County Clare Natural Resources

The principal minerals are lead, iron, manganese, coal, slate, limestone, and various kinds of building stone. Very rich lead-ore has been found near Glendree, near Tulla, at Lemenagh, and at Glenvaan in the barony of Burren; a vein of lead was discovered, in 1834, at Ballylicky, near Quinn, the ore of which is of superior quality and very productive; it is shipped at Clare for Wales. There are strong indications of iron in many parts, especially near the western coast; but it cannot be rendered available until a sufficient vein of coal shall have been found in its vicinity. Manganese occurs at Kilcredane Point near Carrigaholt Castle, near Newhall, on the edge of a bog near Ennistymon, and at the spa well of Fierd, on the sea shore near Cross, where it is formed by the water on the rocks. Coal has been found in many places, particularly near the coast of the Atlantic, but few efforts have been made to pursue the search with a view to work it.

The best slates are those of Broadford and Killaloe, of which the former have long been celebrated, though the latter are superior, and both are nearly equal to the finest Welsh slates; the Killaloe quarry is worked to a greater depth than those of Broad-ford. Near Ennistymon are raised thin flags, used for many miles around for covering houses, but requiring strong timbers to support them. The Ballagh slates are however preferred for roofing, as being thinner than most of the same kind. There is another quarry of nearly the same sort near Kilrush, one near Glenomera, and others in the western part of the county. At Money Point, on the Shannon, a few miles from Kilrush, are raised very fine flags, which are easily quarried in large masses. Limestone occupies all the central and northern parts of the county, in a vast tract bounded on the south by the Shannon, on the east by a line running parallel with the Ougarnee river to Scariff bay, on the north by the mountains in the north of Tulla and the confines of Galway, and on the west by Galway bay and a line including Kilfenora, Curofin, and Ennis, and meeting the Shannon at the mouth of the Fergus.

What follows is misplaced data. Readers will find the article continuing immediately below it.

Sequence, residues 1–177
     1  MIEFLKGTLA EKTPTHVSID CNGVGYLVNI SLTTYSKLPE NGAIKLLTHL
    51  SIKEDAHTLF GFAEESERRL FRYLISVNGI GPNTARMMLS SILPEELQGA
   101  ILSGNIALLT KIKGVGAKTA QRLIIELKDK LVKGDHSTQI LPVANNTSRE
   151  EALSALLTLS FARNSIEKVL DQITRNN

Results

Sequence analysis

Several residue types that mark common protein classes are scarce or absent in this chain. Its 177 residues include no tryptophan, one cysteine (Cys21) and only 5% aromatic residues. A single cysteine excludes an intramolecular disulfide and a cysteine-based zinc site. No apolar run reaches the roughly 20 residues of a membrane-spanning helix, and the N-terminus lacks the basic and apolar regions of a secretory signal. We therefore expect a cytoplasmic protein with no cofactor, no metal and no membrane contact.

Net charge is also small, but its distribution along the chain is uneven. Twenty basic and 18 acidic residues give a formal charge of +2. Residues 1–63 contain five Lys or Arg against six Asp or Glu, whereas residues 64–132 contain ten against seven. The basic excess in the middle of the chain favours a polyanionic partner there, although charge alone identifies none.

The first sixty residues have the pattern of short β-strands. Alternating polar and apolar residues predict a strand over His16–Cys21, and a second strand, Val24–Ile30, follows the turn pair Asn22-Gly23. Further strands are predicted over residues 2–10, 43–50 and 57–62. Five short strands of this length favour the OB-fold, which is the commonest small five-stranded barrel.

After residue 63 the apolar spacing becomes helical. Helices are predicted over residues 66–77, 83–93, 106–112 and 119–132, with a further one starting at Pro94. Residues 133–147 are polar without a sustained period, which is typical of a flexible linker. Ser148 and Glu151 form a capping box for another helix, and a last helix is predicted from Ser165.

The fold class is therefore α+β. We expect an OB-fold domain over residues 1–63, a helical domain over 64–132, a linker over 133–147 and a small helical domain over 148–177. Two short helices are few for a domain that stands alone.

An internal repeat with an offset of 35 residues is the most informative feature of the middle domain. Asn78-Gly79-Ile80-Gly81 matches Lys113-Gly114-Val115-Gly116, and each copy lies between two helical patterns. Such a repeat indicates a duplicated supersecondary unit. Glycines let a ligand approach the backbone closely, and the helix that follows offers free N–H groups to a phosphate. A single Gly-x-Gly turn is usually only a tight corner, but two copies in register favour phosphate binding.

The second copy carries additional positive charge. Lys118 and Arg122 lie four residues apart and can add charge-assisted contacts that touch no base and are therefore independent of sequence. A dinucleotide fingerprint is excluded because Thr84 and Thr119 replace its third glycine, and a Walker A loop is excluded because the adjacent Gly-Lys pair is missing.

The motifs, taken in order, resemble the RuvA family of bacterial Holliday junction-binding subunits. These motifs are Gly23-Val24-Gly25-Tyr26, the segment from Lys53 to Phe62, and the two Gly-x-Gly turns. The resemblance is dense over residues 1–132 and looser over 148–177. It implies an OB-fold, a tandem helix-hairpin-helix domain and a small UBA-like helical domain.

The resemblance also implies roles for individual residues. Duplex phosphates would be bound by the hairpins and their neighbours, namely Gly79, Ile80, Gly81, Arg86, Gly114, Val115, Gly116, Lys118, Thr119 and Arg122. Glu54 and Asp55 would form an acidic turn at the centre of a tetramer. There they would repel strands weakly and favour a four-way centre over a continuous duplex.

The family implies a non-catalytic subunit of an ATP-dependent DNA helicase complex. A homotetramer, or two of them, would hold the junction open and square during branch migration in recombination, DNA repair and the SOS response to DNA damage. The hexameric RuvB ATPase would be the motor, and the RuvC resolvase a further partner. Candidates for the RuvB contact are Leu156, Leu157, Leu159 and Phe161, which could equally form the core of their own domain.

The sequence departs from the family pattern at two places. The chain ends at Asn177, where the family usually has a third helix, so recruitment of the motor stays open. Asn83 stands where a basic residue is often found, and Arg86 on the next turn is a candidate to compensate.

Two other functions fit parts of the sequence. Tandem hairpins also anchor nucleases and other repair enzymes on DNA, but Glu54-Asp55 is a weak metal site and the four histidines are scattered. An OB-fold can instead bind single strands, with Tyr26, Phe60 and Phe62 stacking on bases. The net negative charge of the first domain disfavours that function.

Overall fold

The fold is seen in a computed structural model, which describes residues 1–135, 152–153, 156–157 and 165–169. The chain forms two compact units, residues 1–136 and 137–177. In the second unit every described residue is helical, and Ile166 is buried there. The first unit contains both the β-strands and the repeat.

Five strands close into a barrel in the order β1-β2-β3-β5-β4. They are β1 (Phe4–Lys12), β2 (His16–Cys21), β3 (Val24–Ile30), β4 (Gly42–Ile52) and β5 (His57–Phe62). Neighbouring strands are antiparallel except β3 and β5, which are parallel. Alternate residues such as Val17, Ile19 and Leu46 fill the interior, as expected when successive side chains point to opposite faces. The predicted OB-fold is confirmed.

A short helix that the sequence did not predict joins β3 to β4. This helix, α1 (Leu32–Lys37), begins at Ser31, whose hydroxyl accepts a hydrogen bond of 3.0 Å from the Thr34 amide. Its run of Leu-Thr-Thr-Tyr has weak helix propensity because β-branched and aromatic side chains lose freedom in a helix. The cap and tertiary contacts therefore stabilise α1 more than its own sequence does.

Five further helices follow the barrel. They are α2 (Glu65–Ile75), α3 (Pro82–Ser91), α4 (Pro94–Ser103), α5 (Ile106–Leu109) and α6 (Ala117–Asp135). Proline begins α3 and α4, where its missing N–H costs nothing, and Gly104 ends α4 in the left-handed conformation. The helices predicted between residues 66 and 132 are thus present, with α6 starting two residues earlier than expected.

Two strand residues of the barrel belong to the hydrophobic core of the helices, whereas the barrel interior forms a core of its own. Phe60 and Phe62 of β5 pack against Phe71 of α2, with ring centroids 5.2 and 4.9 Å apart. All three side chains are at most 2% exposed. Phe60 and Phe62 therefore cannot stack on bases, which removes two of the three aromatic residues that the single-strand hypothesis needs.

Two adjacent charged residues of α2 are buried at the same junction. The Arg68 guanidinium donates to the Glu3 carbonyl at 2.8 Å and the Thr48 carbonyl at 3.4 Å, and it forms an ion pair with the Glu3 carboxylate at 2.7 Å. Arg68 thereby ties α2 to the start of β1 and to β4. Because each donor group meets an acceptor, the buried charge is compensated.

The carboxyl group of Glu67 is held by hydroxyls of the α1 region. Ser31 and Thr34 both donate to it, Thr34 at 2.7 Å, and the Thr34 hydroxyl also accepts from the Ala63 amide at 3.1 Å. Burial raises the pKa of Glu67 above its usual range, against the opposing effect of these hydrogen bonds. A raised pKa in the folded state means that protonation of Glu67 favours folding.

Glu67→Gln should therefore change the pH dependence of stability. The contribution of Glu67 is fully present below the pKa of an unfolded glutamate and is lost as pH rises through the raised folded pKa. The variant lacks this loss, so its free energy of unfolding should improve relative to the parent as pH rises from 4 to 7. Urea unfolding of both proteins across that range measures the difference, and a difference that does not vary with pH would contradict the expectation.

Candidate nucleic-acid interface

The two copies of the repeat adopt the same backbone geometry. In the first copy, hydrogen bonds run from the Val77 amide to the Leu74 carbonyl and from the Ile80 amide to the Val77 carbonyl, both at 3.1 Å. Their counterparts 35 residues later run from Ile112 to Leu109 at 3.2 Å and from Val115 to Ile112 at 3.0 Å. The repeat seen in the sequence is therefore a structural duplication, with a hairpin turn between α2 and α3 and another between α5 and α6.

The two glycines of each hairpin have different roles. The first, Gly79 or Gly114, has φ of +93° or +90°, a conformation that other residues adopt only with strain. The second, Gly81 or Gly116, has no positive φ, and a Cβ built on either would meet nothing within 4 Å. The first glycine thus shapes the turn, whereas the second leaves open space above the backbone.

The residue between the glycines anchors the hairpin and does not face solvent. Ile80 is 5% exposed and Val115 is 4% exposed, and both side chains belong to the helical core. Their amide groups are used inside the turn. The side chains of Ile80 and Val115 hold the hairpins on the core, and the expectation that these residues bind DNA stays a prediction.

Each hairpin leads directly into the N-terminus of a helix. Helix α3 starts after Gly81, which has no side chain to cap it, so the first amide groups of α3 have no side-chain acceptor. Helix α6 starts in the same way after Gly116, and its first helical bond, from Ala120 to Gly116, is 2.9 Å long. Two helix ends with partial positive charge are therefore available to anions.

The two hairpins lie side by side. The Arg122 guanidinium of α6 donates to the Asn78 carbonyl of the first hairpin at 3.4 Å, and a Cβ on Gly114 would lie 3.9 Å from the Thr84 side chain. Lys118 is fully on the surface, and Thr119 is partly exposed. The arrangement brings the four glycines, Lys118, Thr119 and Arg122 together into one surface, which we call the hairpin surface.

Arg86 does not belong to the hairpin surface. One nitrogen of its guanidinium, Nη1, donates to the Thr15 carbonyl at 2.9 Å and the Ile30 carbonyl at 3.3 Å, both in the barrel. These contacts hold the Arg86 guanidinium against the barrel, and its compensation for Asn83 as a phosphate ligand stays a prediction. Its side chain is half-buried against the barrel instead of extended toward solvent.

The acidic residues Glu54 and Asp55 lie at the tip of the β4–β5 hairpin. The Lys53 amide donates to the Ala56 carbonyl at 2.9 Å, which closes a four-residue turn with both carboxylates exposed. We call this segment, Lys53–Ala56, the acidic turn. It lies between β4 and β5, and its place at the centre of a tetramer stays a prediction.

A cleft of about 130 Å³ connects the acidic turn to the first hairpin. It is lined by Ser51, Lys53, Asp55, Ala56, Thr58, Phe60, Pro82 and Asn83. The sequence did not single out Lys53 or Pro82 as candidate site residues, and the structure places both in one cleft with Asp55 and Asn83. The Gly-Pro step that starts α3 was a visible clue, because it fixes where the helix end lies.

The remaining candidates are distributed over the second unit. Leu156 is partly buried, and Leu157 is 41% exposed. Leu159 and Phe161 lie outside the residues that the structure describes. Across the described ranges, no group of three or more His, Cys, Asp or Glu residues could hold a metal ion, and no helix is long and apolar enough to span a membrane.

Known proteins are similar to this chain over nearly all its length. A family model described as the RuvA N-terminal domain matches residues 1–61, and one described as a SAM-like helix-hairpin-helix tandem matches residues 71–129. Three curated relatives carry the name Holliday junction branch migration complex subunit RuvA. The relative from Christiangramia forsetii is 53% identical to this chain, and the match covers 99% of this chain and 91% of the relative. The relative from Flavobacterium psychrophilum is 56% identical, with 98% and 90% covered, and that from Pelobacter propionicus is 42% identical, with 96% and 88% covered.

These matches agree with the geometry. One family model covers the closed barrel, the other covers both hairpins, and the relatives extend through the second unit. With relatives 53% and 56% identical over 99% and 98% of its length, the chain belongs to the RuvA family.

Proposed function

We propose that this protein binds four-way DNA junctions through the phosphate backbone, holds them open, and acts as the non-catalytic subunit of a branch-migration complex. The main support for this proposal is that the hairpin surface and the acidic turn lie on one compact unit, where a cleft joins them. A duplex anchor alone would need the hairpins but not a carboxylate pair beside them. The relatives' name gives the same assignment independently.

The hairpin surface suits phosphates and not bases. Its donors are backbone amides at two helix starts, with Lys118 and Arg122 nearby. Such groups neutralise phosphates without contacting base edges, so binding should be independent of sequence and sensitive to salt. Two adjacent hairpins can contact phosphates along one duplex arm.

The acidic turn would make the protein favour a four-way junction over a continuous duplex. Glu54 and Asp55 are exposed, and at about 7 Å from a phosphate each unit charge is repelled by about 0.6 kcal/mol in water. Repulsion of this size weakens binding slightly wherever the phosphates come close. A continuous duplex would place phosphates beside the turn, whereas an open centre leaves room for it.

The limestone rises above the surface in Burren and in the eastern parts of Corcomroe and Inchiquin, and in some places presents a smooth and unbroken plane of several square yards; the calcareous hills extending in a chain from Curofin present a very curious aspect, being generally isolated, flat on the summit, and descending to the intervening valleys by successive ledges. Detached limestone rocks of considerable magnitude frequently occur in the grit soils; and large blocks have been discovered in Liscanor bay, seven or eight miles from the limestone district: in a bank near the harbour of Liscanor, water-worn pebbles of limestone are found and burned. At Craggleith, near Ennis, a fine black marble, susceptible of a very high polish, is procured.

The shores of Lough Graney, in the north-eastern extremity of the county, produce a sand chiefly composed of crystals, which is sought for by the country people for upwards of 20 miles around, and is used for scythe boards, which are much superior to those brought from England: sand of similar quality is likewise procured from Lough Coutra, in the same mountains. Copper pyrites occur in several parts of Burren. An unsuccessful attempt to raise copper ore was made at Glenvaan. In the time of James I., as appears from a manuscript in the Harleian collection, there was a silver mine adjacent to O'Loughlin's castle in Burren; and an old interpolator of Nennius mentions that precious metals abounded here. Antimony, valuable ochres, clays for potteries, and beautiful fluor spar, have likewise been discovered in small quantities.

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